The US intelligence services sound pretty certain Putin intends us to think he will make a play for Ukraine early in the new year. The units around the border can quickly be brought up to strength with reservists. However, defence analysts have pointed out Russia has limited economic resources, and even scarcer military ones, to sustain any conflict with NATO – should it go to Ukraine’s aid. The days of 8000 Soviet tanks and 57 divisions set to roll over the North German plane are history.

What if Putin has no intention of risking his precious military assets on recovering Ukraine? His best hope is persuading the West to let him have it. The troops on the border may be there as part of a maskirovka – the finely honed Russian strategy and art of deception. Let the enemy see one thing while doing something else.

Maybe the maskirovka is to cover joint action with China – the Ukraine being a front for something gruesome in Taiwan. Unlikely.

What else might it be? The threat of withholding gas from Europe? It would certainly cause misery, but with the ultimate consequence of bankrupting Russia if Europe permanently disengages as a purchaser. A move against the Baltics would be met by trip-wire Nato forces and harden European attitudes even more than a move against Russia.

Perhaps war by other means?

Asymmetric warfare is commonly understood as a bunch of Kalashnikov wielding tribesmen swamping a modern, trained army. A tad embarrassing, and an effective way to undermine apparent military credibility. Just because the Americans so decisively “advanced backwards” from Afghanistan has little bearing on Ukraine.

The other end of the military spectrum – hypersonic missiles able to take out US Carrier groups in the South China Seas and Drone Swarms set to clear the beaches of Taiwan are also unlikely. Ukraine is more likely to be conventional slog – should it come to that.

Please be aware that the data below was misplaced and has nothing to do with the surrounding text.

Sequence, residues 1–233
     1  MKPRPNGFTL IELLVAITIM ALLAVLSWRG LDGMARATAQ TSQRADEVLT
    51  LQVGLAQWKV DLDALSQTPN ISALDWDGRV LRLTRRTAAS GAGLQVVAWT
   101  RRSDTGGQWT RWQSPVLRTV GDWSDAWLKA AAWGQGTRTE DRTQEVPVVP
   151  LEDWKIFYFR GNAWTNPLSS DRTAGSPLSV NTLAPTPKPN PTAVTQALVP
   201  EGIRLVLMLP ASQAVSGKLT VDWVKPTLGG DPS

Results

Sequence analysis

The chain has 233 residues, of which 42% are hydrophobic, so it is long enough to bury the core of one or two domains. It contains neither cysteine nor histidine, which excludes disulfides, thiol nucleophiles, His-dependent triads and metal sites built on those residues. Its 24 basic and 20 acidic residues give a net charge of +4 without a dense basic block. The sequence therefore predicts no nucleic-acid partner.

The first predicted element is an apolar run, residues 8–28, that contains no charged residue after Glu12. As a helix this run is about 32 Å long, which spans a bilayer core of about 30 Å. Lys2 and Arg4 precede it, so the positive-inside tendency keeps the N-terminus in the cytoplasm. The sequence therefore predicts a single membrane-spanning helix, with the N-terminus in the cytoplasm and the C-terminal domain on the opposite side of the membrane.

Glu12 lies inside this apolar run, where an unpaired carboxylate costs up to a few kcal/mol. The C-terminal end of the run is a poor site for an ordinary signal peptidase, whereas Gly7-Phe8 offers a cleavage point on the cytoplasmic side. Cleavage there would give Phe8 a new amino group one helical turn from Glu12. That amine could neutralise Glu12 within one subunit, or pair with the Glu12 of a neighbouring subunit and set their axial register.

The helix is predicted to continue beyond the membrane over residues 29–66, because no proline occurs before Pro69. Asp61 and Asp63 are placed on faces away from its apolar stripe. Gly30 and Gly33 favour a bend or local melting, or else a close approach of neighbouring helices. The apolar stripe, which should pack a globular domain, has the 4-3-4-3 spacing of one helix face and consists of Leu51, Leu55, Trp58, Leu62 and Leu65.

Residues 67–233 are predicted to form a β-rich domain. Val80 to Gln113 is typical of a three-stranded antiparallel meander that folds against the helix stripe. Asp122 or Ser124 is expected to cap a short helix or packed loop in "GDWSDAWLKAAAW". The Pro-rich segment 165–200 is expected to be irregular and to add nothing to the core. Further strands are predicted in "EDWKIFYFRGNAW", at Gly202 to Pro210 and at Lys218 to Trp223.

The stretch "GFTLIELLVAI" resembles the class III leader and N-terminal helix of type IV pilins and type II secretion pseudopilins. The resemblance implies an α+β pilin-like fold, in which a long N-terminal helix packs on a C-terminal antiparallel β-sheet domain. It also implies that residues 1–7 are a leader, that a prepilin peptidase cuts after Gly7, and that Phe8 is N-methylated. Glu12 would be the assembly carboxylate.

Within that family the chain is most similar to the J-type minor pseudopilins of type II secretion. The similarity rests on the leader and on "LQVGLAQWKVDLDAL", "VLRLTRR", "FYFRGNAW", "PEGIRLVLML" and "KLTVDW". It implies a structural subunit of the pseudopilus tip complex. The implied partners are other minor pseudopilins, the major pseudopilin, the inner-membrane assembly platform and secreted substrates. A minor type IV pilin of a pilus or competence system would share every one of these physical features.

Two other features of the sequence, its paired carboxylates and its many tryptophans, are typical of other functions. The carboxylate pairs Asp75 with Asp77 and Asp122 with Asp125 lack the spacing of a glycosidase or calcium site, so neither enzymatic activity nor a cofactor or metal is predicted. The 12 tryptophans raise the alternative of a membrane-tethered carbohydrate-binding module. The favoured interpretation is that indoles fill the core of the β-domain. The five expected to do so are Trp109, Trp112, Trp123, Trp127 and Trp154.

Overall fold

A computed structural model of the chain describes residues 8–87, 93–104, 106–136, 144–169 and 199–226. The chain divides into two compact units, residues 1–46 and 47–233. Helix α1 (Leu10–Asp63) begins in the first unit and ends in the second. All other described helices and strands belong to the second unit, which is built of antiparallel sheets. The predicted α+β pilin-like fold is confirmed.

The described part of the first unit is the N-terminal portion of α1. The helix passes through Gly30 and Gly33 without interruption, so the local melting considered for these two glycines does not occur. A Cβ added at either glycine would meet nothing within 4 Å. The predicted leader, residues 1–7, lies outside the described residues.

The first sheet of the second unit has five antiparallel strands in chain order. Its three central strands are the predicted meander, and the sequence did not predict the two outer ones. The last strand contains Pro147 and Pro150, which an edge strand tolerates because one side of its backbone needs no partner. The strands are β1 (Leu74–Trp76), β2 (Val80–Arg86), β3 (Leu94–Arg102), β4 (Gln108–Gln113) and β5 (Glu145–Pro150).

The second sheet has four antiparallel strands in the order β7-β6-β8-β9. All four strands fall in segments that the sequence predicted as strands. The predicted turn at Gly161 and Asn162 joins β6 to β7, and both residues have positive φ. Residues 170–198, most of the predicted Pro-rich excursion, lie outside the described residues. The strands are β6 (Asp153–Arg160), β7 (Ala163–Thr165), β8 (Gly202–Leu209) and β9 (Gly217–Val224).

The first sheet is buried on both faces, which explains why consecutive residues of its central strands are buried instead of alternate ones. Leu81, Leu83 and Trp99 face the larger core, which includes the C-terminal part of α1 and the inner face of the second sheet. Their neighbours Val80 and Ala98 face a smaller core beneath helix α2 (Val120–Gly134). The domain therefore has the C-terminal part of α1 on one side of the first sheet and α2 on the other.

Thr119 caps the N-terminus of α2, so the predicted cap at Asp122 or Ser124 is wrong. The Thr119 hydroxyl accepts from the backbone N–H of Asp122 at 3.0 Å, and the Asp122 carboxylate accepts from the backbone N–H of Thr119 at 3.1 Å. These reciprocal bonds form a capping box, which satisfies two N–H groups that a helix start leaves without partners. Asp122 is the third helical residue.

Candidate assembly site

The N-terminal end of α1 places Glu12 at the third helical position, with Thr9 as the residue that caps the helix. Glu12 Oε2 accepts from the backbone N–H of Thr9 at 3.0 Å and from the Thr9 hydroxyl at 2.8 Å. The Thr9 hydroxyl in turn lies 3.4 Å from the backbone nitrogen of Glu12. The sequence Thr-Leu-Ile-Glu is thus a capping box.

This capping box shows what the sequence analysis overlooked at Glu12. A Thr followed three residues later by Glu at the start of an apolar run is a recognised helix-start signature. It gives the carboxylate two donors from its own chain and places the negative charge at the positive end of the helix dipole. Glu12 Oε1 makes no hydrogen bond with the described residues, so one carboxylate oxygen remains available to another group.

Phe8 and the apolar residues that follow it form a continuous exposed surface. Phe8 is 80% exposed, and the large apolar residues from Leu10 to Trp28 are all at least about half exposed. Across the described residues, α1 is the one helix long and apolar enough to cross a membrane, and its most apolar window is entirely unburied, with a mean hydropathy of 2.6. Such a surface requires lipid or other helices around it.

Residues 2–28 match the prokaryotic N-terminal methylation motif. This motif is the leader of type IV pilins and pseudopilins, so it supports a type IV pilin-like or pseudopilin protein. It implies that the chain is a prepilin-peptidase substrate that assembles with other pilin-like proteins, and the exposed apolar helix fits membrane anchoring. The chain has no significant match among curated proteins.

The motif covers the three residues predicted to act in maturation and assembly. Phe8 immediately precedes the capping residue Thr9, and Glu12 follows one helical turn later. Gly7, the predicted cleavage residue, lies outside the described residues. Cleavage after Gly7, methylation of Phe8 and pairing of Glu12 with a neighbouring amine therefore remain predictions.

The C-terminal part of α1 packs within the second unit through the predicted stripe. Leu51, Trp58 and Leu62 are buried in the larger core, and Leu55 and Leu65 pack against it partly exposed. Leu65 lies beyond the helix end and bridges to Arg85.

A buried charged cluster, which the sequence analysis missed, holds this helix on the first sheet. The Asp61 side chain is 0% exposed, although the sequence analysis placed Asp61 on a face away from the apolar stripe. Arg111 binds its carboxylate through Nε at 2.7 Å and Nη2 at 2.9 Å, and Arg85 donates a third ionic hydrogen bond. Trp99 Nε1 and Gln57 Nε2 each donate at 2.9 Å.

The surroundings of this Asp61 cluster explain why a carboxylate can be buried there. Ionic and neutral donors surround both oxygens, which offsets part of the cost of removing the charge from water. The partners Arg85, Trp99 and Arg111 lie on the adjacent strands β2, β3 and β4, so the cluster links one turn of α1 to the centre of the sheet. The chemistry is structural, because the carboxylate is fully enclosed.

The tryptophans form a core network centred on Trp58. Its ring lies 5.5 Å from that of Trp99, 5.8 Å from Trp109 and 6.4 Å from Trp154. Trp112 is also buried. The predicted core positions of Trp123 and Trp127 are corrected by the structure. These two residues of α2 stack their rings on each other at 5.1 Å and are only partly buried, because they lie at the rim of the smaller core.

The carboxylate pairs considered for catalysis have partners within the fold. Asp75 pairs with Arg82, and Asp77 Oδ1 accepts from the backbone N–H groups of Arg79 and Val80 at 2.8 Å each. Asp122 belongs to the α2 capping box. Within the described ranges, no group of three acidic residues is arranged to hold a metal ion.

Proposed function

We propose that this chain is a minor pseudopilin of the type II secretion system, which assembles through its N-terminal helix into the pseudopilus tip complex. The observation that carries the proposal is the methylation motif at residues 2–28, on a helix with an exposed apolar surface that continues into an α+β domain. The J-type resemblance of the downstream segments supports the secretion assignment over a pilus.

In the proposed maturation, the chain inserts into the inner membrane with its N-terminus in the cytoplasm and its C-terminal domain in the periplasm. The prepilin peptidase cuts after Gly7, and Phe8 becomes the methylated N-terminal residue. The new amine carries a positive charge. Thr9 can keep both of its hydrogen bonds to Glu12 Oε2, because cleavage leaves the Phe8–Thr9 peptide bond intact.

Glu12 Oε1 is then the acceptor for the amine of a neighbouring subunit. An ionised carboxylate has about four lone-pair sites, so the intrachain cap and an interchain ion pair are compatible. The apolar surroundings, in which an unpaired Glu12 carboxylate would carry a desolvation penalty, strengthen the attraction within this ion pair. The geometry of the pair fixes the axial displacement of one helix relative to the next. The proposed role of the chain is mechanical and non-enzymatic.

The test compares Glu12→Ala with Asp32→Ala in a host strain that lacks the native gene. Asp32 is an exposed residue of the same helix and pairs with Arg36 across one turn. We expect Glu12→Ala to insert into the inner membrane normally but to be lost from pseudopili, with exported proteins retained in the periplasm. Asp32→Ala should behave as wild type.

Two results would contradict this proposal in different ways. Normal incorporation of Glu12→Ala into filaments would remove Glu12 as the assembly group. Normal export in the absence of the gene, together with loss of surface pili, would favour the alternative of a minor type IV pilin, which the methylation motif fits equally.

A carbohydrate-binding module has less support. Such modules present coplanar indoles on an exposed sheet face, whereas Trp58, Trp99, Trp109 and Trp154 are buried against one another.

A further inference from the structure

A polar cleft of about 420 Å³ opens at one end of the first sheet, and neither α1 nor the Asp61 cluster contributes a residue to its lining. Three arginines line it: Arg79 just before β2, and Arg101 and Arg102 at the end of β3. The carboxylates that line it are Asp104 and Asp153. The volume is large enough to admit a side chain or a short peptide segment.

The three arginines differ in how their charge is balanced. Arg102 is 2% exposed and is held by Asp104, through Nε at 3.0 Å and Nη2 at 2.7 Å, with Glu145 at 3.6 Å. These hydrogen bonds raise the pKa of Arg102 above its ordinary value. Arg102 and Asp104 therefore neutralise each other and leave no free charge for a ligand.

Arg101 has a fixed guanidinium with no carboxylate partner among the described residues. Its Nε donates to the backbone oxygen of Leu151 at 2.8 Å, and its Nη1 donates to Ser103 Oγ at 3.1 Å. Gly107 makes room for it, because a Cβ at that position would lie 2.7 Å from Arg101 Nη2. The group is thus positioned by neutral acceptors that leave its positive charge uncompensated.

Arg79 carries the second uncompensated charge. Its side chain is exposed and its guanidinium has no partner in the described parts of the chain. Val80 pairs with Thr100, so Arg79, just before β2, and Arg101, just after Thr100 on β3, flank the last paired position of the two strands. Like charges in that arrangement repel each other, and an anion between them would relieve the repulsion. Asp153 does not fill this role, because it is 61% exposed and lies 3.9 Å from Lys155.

The threat is more likely to come from another vector.

The West’s critical vulnerability could prove our addiction to digitisation. Western Economies have gone fully digital, making them vulnerable as a prime cyberwar target. The Russians, as we know, are no slouches when it comes to cybercrime.

Yesterday I fired up my new company laptop for the first time. It takes longer to boot up because it’s got multiple new security features built in, plus dual factor authentication. I now use a 12 character password – which would take a normal computer decades to break. The delay is a momentary distraction, but its state of the art software keeps my data and the firm safe. Unfortunately, most UK banks are running code nearly as old as me, and I can pretty much guarantee many businesses are running programmes on a host of obsolete operating systems.